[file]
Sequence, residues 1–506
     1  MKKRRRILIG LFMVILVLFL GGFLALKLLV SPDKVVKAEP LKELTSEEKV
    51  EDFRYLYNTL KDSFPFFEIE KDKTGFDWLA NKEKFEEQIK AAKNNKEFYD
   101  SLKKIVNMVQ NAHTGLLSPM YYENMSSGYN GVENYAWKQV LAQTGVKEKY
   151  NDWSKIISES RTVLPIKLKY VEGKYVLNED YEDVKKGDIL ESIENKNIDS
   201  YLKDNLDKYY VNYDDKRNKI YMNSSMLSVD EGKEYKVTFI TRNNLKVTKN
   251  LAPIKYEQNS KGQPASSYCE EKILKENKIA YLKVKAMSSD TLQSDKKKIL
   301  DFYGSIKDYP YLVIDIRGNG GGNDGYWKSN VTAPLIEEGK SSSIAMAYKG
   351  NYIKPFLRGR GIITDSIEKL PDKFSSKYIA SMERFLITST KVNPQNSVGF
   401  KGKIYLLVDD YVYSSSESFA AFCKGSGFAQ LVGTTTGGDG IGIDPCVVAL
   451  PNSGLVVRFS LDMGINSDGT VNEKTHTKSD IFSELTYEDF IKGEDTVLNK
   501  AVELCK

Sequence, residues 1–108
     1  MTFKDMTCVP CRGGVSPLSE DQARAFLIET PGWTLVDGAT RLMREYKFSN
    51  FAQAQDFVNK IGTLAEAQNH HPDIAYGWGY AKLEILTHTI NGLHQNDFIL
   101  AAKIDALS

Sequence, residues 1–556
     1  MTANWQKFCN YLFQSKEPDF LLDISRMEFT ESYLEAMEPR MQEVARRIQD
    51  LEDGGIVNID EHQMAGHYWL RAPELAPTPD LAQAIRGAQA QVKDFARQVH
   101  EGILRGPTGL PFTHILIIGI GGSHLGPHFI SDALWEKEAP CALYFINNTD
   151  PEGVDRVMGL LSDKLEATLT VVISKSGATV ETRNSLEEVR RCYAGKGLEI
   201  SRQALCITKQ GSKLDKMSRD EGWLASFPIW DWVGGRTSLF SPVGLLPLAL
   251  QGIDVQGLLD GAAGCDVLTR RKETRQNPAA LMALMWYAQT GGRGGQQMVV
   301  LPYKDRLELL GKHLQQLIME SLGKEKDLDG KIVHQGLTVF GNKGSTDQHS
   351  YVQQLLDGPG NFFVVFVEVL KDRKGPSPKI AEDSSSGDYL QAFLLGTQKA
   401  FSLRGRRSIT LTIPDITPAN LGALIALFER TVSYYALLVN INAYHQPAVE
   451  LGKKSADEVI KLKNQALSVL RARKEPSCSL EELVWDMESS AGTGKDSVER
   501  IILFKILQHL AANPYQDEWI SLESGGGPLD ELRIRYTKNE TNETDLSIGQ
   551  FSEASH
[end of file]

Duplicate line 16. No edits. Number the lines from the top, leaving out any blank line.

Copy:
   101  AAKIDALS